Previous studies found that models emphasising legislative procedures make less accurate predictions of decision outcomes in the EU than the compromise model, a computationally simple variant of the Nash Bargaining Solution. In this journal, Slapin (2014) argues that this and other findings may be the result of measurement error. While acknowledging the importance of measurement error, we disagree with several assumptions in Slapin’s analysis, and show that his results are driven by an unrealistic assumption about how policy preferences are distributed among EU decision makers. We construct simulated data that more accurately reflect the distributions of policy preferences found in existing empirical evidence and suggested by theory, and demonstrate that measurement error is unlikely to have biased previous findings. If real-world decision-making took place according to the procedural model, then it would have made the most accurate predictions, even with data containing large amounts of measurement error. While this strengthens our confidence in previous studies’ findings, we explain why we should not discard procedural models.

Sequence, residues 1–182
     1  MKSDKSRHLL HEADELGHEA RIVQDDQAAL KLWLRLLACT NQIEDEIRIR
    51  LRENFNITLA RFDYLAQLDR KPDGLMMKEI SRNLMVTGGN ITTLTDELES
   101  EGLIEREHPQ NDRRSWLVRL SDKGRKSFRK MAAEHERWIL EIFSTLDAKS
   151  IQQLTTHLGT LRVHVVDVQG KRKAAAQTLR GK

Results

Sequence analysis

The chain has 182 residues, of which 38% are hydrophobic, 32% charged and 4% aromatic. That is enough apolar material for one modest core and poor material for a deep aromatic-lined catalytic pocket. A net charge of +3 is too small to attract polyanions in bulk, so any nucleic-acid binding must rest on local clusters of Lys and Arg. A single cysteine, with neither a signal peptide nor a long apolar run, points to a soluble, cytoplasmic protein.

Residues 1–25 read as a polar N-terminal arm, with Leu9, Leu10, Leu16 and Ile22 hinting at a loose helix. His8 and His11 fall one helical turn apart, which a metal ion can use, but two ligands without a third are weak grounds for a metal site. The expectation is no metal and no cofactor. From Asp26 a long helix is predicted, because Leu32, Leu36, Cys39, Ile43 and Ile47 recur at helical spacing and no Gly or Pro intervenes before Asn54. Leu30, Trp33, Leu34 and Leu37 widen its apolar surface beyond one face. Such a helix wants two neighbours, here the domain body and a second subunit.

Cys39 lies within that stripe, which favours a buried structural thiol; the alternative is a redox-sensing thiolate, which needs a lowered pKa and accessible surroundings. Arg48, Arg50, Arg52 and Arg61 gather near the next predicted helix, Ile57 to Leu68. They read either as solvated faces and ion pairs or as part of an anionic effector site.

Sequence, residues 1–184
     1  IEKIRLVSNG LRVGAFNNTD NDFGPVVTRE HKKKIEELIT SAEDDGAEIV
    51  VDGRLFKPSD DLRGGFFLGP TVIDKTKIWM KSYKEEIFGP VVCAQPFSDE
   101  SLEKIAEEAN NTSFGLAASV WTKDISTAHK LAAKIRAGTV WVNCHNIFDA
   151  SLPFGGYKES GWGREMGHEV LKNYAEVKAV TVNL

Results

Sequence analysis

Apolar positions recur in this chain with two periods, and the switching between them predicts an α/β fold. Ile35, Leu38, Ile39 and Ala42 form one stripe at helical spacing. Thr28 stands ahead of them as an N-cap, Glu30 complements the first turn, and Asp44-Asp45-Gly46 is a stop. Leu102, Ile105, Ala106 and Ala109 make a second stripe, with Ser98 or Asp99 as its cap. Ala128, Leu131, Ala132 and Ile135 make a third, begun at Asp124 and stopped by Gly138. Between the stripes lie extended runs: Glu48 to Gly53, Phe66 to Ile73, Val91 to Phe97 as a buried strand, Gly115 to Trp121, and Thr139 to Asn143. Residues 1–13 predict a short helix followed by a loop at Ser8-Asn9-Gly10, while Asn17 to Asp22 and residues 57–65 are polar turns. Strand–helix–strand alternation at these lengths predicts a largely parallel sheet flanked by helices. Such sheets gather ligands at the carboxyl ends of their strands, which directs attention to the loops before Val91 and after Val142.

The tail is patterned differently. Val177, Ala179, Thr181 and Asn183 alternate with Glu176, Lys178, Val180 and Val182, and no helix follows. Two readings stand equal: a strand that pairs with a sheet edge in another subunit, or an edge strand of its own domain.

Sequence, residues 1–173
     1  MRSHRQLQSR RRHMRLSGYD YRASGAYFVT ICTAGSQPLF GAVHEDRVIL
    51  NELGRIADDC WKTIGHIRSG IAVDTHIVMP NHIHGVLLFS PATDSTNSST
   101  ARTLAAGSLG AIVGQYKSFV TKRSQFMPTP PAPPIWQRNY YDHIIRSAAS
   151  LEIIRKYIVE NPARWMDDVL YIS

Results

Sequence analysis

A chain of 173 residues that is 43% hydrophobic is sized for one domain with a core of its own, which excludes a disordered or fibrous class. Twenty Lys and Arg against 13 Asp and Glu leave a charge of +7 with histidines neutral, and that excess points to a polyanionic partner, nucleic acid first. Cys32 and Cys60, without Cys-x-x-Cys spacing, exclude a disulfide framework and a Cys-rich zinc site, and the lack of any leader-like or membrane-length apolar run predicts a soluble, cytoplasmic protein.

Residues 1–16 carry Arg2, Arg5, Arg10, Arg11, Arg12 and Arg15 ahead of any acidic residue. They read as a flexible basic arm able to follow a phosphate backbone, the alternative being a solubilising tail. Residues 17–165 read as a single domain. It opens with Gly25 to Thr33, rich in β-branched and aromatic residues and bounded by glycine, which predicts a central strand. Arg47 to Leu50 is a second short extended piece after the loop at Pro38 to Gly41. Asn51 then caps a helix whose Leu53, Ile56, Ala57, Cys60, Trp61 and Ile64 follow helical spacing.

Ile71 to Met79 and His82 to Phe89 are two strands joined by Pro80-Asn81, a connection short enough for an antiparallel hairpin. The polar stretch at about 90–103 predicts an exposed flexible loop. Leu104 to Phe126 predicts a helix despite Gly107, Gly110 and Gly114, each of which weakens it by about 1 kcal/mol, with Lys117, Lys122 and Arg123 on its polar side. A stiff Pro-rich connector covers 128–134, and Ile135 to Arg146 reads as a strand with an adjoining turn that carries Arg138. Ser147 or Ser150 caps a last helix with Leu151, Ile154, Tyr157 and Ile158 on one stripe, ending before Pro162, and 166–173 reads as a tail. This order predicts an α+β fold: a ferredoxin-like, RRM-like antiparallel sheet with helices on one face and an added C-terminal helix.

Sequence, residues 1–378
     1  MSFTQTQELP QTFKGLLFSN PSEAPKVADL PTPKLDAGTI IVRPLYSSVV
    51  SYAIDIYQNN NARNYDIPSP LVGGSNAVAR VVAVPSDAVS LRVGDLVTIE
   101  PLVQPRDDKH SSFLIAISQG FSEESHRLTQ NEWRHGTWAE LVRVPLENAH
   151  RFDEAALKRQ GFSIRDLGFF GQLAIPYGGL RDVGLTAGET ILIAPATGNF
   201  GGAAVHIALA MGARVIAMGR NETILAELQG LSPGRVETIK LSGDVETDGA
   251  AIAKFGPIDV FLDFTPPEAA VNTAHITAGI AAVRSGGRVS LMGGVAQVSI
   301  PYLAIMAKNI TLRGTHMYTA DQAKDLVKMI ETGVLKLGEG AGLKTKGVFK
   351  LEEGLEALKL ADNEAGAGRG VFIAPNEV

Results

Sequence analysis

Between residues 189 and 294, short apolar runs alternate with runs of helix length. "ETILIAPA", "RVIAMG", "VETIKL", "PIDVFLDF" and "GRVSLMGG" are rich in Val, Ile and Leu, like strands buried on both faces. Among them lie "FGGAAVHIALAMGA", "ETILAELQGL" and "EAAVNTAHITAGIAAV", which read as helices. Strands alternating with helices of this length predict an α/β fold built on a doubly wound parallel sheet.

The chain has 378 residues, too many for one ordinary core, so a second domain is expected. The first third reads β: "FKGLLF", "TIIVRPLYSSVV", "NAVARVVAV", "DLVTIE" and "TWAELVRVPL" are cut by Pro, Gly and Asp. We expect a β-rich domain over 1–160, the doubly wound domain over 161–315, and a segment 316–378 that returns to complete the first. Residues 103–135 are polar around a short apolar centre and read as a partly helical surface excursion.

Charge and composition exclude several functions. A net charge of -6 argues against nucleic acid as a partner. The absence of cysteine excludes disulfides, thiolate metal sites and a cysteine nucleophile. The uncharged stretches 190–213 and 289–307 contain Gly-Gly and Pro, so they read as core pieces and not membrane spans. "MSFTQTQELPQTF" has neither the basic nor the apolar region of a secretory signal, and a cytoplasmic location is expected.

- bargaining models
- legislative decision-making
- measurement error
- procedural models
Leinaweaver, J., & Thomson, R. (2014). Testing models of legislative decision-making with measurement error: the robust predictive power of bargaining models over procedural models. European Union Politics, 15(1), 43-58. https://doi.org/10.1177/1465116513501908